Probably one of the biggest differences between something like Second Life and the current generation of SocialVR spaces is that the latter lack the persistency and single world model of Second Life. Most of the current platforms (Dual Universe may be an interesting exception) work on a spaces/room model, where you develop in a series of spaces, which you might then open up to visitors, and/or link to other spaces. This is a long way from the one-world model of Second Life (and also Somnium Space) where you just buy land and develop it (which is also closer to the original Snowcrash model). These spaces also tend to have a default state which they revert to once everyone has left - you might be able to rez things whilst you are in, but those objects disappear when you leave - this is particularly true (and probably desirable) in training and learning orientated spaces. If your Object Build model supports in-world building then persistency sort of becomes essential as that is how the world is built. I'm starting to like the idea of "World Fidelity" to describe all this - how much does the virtual world actually feel and behave like the real, peopled, physical world?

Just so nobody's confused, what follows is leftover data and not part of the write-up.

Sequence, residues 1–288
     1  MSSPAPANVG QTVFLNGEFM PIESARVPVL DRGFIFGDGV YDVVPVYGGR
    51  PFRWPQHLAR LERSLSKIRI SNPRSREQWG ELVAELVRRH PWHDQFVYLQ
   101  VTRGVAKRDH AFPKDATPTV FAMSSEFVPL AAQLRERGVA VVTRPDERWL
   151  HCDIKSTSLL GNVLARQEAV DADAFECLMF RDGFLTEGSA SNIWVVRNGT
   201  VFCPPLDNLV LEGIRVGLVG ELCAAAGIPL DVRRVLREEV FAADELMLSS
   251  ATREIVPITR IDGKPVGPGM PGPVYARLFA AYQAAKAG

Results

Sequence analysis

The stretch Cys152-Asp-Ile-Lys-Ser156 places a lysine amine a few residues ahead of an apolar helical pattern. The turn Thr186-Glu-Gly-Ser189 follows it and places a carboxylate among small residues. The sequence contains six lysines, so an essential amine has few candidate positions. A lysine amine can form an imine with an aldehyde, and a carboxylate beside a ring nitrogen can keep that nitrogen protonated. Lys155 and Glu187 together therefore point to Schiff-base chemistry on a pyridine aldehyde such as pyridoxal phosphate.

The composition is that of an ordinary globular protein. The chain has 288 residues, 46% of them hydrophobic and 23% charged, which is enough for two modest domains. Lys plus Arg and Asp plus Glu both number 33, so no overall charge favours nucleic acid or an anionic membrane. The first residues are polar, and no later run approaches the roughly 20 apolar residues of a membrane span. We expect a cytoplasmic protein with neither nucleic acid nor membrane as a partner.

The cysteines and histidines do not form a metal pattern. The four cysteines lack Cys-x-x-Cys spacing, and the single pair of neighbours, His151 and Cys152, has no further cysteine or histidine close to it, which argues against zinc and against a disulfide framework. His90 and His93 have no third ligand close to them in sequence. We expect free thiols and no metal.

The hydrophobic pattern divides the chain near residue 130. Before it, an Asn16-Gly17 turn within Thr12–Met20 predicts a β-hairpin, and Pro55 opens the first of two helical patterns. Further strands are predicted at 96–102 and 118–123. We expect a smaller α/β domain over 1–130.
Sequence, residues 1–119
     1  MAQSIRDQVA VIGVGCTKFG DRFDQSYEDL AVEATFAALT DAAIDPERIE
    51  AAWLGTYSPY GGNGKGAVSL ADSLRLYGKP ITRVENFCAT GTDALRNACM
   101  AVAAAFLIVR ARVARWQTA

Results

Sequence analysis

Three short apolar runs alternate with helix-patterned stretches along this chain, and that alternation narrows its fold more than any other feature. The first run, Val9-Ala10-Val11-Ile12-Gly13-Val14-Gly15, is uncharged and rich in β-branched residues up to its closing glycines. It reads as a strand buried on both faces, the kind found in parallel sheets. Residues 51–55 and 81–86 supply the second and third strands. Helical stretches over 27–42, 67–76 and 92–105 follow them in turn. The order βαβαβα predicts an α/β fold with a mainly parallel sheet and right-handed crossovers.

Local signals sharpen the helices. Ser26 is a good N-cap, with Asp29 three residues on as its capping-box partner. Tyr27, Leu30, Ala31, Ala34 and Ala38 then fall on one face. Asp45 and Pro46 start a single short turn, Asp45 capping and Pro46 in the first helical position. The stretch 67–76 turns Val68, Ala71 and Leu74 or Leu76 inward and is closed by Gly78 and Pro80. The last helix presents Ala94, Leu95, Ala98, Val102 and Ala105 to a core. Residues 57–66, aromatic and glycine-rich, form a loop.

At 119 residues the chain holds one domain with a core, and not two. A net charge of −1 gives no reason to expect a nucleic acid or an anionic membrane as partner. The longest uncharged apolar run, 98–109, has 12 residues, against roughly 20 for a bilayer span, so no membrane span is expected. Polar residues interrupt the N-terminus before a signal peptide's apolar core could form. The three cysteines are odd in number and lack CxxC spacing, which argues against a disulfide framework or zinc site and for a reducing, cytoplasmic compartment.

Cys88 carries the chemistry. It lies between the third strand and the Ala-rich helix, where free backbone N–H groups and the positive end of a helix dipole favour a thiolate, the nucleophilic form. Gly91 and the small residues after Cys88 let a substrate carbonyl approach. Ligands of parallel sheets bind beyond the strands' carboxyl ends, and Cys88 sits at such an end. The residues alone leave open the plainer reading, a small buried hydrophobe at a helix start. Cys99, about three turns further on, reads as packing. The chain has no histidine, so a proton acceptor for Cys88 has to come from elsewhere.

Privacy and Security

In a lot of applications you need to have some control of the privacy and security of your part of the virtual environment. You may only want your employees, students or clients in your space. Mind you there are also occasions when you want visitors to have rapid, anonymous access with no sign-up to put them off.  Most platforms offer variations of access control, and perhaps it can be taken as read - but its worth double checking that the implementation will meet your specific needs.

There is also an emerging interest in using blockchain technologies to secure and manage the rights of ownership and IP in the objects created in the virtual world - such as in Somnium Space. This may be overkill for many applications, but is an interesting area to watch.

Scripting and Bots

Being able to walk around a space and look at things is nice. But being able to interact with objects (particularly if they can link through to Web APIs) is better, and being able to see and talk to bots within the space, which makes the whole place seem more alive, is better still. Scripting seems to be a big divide between platforms. Many (most?) of the SocialVR spaces don't support scripting - certainly as an ordinary user, or even as a "developer". The more training orientated ones do have scripting (but what language and how easy is it?), and some platforms have it only through a developer SDK (e.g. MREs in AltSpaceVR). Once every world supports the equivalent of JavascriptXR then we can really begin to see some innovative use of virtual space.